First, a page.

US crypto regulations will return Bitcoin to its digital cash origins

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The United States Financial Crimes Enforcement Network (FinCEN) recently proposed a number of new regulations that apply to financial institutions dealing with digital currencies such as Bitcoin (BTC). To summarize the proposed arrangements, an exchange would essentially be required to file a report with FinCEN when a customer makes a purchase over $ 10,000 and to collect Know Your Customer information when a transaction over $ 3,000 or more more is carried out with an unprotected wallet.

This means that if a customer buys $ 3,000 worth of Bitcoin and withdraws it into a wallet they control, they will not only need to prove possession of that wallet, but also provide their name and physical address, as well as additional identifying information.

Personally, my life will hardly change. I’ve been living entirely on cryptocurrency since 2015, without bank details since 2016, and have never used a central exchange to receive all of my coins in exchange for goods and services. But as few as I live, we are likely to have a significant impact on how most cryptocurrency users run their businesses. I would venture a guess that most of the users have interacted with a centralized platform that requires KYC.

For the rest of the cryptocurrency users, the newly proposed regulations would mean a significant point of friction when making deposits and withdrawals. Currently, a user logs into an exchange, submits KYC documents for approval, and can purchase and withdraw Bitcoin in a wallet under their control, including a hardware wallet for cold storage. If they want to make a profit, they can put the money back on the stock market and sell it to spend money in the bank.

However, in the future, they may need to prove ownership of the wallet they are withdrawing to, including their physical address, and similarly prove the origin of the funds when they return to an exchange. This can lead many users, including the privacy and autonomy conscious (of which there are many in the Bitcoin world) to looking for other, less intrusive ways to use their digital funds. By paying directly for the goods and services you want instead of selling them in fiat currency first, you avoid the headache of passing the regulatory friction point every time.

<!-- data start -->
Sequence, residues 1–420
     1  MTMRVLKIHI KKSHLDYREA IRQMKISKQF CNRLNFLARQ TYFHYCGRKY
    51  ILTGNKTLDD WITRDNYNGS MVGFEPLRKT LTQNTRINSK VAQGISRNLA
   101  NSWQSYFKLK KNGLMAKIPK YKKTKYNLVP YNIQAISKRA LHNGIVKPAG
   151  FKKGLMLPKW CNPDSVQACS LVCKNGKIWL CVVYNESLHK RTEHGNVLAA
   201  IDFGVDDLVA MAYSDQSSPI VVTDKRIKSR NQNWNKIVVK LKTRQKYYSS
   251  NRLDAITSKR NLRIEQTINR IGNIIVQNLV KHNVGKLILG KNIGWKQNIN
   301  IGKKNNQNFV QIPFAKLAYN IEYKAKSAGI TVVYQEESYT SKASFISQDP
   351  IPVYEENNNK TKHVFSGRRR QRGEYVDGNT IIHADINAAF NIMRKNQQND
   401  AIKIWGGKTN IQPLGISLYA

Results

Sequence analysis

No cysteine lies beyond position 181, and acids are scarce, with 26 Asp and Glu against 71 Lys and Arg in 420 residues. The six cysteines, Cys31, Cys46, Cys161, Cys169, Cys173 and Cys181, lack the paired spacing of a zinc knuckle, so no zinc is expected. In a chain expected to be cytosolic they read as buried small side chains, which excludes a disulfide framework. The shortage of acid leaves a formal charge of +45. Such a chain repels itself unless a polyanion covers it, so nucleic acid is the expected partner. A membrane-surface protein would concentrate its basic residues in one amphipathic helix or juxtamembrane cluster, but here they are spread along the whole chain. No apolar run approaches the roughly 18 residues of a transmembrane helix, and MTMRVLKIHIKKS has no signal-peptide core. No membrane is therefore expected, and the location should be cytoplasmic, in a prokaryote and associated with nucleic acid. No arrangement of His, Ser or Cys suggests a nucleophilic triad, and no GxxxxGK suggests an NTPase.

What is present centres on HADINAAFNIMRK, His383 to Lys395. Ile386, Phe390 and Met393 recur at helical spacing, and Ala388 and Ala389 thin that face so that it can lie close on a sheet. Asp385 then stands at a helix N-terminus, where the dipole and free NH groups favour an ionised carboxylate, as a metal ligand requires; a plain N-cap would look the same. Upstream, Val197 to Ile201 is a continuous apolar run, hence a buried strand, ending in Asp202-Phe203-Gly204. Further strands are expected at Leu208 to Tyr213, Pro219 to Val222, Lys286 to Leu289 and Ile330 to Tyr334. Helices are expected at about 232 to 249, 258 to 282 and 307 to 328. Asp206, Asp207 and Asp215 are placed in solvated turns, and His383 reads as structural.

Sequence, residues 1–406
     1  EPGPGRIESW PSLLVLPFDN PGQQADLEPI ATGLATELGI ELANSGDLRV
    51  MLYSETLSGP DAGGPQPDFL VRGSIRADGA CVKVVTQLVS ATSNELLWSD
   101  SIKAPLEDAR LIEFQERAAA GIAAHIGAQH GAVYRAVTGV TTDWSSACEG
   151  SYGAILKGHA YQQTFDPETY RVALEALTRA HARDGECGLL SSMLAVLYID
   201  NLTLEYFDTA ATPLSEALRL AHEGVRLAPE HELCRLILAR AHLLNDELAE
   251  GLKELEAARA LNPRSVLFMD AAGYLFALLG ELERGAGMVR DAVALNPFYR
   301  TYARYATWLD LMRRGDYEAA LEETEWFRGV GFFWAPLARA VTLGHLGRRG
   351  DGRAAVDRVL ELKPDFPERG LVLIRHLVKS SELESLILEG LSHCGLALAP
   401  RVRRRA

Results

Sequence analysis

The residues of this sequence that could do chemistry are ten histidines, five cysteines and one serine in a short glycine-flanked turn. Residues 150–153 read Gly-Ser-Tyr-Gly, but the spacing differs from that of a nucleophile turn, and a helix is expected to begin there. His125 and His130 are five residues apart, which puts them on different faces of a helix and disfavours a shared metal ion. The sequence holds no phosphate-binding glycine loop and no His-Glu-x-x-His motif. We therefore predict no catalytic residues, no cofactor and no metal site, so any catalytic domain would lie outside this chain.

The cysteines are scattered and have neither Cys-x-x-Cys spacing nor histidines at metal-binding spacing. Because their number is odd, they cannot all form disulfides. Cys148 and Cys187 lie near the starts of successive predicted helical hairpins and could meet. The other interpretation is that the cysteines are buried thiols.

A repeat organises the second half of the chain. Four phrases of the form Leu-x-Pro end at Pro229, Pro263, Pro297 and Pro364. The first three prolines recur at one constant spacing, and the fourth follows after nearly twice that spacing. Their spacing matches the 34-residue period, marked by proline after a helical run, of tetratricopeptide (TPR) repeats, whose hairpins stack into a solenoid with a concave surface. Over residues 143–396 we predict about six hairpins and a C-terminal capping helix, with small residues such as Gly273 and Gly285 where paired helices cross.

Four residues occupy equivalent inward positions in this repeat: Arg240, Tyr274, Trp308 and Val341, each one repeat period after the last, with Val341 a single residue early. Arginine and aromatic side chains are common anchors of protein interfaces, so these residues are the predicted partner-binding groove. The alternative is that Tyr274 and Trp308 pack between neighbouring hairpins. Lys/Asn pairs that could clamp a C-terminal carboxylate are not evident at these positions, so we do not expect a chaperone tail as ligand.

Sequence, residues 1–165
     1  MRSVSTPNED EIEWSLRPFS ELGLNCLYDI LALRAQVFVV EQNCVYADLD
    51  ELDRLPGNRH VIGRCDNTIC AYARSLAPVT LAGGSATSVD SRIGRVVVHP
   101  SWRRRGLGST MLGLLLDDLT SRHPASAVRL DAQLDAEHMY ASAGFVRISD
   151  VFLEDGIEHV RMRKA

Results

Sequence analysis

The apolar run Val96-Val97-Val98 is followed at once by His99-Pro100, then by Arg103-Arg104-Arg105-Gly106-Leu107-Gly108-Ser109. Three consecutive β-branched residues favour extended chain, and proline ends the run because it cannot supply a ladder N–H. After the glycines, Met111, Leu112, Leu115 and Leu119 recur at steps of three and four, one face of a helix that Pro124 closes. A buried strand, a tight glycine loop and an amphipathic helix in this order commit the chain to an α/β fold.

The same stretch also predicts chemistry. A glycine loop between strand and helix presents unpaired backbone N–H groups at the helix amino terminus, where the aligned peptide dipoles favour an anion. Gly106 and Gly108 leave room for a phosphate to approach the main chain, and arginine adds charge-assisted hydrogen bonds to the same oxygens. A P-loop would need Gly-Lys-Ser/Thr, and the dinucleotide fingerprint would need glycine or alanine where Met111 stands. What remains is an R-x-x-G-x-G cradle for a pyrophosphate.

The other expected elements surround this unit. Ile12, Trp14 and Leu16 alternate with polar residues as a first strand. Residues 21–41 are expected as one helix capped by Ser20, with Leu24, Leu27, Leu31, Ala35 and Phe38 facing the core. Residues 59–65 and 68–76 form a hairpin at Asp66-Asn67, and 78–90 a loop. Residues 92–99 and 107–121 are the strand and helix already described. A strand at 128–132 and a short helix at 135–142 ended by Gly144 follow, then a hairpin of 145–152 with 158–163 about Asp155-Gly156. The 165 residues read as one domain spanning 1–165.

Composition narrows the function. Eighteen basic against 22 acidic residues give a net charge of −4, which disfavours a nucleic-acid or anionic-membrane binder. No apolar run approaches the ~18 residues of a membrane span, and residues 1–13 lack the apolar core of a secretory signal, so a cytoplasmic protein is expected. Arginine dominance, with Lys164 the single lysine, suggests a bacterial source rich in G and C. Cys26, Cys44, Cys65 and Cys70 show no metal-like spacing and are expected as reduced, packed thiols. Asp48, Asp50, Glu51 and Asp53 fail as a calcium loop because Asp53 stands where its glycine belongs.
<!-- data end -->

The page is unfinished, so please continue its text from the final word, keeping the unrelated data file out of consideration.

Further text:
The “closed loop centralized exchange” experience that bitcoiners will wake up to

There’s a reason relatively few people have made regular transactions and purchases using Bitcoin – they didn’t have to. The average user signs up for an Exchange account, buys crypto, and potentially sells for some profit. Some of the hardcore users might even buy a hardware wallet and transfer money to it from an exchange. This can be an infrequent transaction of significant amounts without the need for real speed or particularly low fees. The basic process of buying for investment and selling occasionally to make a profit or spend is relatively smooth in centralized exchanges, which is why so few have ventured out of this closed loop.

Many bitcoiners have chosen to stay in this closed loop for the exact same reason that they may soon be trying to get out of it – to avoid friction. Sure, many will simply dig into the additional regulatory steps, but many others, especially thought leaders and longtime community experts, will choose to stick closer to the Cypherpunk ethos.

Bitcoin’s adoption ecosystem will get the boost it needs

Bitcoin was born and raised for decentralized digital payments. At some point, this use case took a backseat to a digital store of value, and the tools needed to reclaim that purpose are not yet sufficiently developed – especially scaling.

Bitcoin opted for off-chain scaling solutions (Lightning Network) and on-chain transaction optimization (SegWit). Both have developed only weakly in recent years. SegWit transactions accounted for less than half of the daily transactions over three years, and Lightning Network’s growth similarly stagnated, with very few exchanges or other major ecosystem players integrating it at the time. As mentioned above, given the current state of affairs, this wasn’t such a big problem.

However, when the average user comes into direct contact with the Bitcoin network as it works today, they are faced with a rude awakening that will either cause them to relax completely or put pressure on wallets and service providers to be granted SegWit and Lightning prioritize. In a free market that is largely cryptoverse, consumer demand drives innovation to meet their needs. When enough bitcoiners require bitcoin to work seamlessly (beyond simply posting on Twitter) for small and efficient transactions, the market will seriously push for the ecosystem to evolve to meet its needs.

Hungry competitors line up to take on the role of digital money